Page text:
Years after the trail went cold on a gruesome double murder case from 2007, it picked up in a most surprising place: beginning with a rap on the window of a north side man's home.
"The detectives came and they took my Cadillac," Jose Aguirre recently told NBC 5 Investigates. "They gave me a search warrant and they said we are taking your car because it was used in some crime."
That crime, according to the search warrant, was the double murder of two Chicago men, Edgar Mercado and Jaime Cepeda, in November of 2007. Aguirre bought the used Cadillac in 2010, three years after the bodies of the two men were found dumped in a south suburban forest preserve.
His car was taken by search warrant more than two years after he bought it, in November of 2012. He is not suspected of any wrongdoing in the case, but investigators clearly believe his car played some role in it.
"Obviously, something happened in that car," Aguirre said. "They were telling me I would get it back some time after thanksgiving, but that never happened."
In fact, eight months went by and Aguirre says he couldn’t get any answers as to when he might get his car back. He continued to pay the car loan, and struggled to borrow relatives’ cars that could get him to his job at an auto factory. He says he was patient for several months, but began to feel mistreated when he couldn’t get any straight answers from the law enforcement agencies involved in the investigation. Lawyer after lawyer told him they couldn’t take his case.
Frustrated, he ultimately contacted NBC 5 Investigates to help get some answers.
Our investigation began with the Cook County State’s Attorney’s Office, where the case is being handled. Despite the fact that evidence like Aguirre’s car can only be released by a prosecutor, the office refused to answer any of our questions about Aguirre’s car, its whereabouts, or why the search was taking so long. A spokesperson for the CCSA told us we would have to ask those questions to the agency that physically took the car: the Cook County Sheriff’s Office.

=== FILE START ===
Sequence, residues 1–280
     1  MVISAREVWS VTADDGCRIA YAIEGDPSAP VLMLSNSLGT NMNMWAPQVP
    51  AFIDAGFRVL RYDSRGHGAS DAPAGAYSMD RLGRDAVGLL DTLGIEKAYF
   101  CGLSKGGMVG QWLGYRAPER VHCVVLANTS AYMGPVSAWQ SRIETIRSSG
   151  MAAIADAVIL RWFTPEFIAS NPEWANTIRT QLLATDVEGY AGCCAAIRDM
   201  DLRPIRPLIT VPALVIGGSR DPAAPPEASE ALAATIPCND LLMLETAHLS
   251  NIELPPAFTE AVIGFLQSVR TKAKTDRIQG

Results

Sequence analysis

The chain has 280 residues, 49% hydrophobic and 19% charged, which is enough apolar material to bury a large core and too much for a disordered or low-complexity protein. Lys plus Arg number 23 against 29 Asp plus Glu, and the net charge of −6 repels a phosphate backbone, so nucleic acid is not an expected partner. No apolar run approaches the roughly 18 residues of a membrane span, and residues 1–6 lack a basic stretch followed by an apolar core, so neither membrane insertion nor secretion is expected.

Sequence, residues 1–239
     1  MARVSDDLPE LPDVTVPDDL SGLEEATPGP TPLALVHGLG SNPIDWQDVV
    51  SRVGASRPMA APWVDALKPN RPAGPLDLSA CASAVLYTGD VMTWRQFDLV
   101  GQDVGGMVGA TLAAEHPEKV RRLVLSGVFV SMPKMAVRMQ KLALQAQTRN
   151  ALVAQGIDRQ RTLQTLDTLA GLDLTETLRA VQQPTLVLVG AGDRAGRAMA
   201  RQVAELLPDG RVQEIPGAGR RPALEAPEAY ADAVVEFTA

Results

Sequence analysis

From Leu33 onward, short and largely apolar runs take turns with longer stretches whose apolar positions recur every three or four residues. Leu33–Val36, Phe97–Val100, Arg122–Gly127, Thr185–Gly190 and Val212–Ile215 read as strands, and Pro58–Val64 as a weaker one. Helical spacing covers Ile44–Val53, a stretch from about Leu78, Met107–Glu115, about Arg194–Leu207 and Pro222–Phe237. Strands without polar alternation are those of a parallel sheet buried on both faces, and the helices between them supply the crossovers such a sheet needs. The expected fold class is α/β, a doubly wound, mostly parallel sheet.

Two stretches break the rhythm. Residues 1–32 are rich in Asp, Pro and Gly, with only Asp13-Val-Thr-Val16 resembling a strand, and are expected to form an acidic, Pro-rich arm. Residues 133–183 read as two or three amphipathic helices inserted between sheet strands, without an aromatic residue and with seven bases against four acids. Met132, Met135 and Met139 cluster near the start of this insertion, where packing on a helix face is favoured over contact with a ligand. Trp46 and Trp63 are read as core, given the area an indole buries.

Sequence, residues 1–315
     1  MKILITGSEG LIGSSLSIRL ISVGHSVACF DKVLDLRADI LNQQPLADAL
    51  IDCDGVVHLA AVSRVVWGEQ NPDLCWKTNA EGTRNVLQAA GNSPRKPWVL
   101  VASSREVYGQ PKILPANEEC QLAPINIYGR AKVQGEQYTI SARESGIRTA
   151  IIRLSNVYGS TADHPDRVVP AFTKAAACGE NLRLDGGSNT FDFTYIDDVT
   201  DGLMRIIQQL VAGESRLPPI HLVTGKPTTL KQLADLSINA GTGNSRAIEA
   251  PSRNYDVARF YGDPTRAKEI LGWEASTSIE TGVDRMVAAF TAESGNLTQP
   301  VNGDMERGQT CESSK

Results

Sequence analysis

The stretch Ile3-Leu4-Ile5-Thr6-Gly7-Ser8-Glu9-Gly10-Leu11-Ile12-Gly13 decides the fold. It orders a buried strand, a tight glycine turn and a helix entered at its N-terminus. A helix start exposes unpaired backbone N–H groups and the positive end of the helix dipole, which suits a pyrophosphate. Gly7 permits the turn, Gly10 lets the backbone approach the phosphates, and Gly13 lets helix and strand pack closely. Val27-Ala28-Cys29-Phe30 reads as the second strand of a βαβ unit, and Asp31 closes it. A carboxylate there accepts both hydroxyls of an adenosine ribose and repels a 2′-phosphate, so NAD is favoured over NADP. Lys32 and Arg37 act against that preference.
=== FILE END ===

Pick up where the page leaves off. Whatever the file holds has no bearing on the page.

To which Sheriff Tom Dart said: "The prosecutor is the one who says we do need this, don't need that. Everyone knows that. So to say otherwise is one of those things -- when I talk to my kids we call it a lie. It's just not true."
Dart says the State’s Attorney had clear control over Aguirre’s car, but acknowledges: the system as a whole messed up here. While his investigators don’t have authority to release evidence, Dart says does wish his office had been a better advocate for Aguirre.
"What happened to Mr Aguirre was just plain wrong,” Dart said. “There needs to be a more thoughtful process for somebody whose life has been interrupted and had nothing to do with anything."
Despite the refusal to answer any of our questions, the same day we called the Cook County State’s Attorney’s Office, Jose Aguirre’s car was finally released. Weeks later, he still awaits its arrival from the body shop where it was disassembled during the search process. But after our inquiry, he did receive something even more helpful: repayment for the months of car loans he paid out while his car was in custody. Sheriff Dart’s office used funds to pay the innocent bystander, utilizing money seized from drug dealers.
Jose Aguirre is expecting delivery of his re-assembled car any day now. He’s not sure how long he will keep it, however. He says after all the talk of the double murders being connected to his vehicle, his girlfriend doesn’t want to ride in it anymore.
"I’ll probably sell it," he said.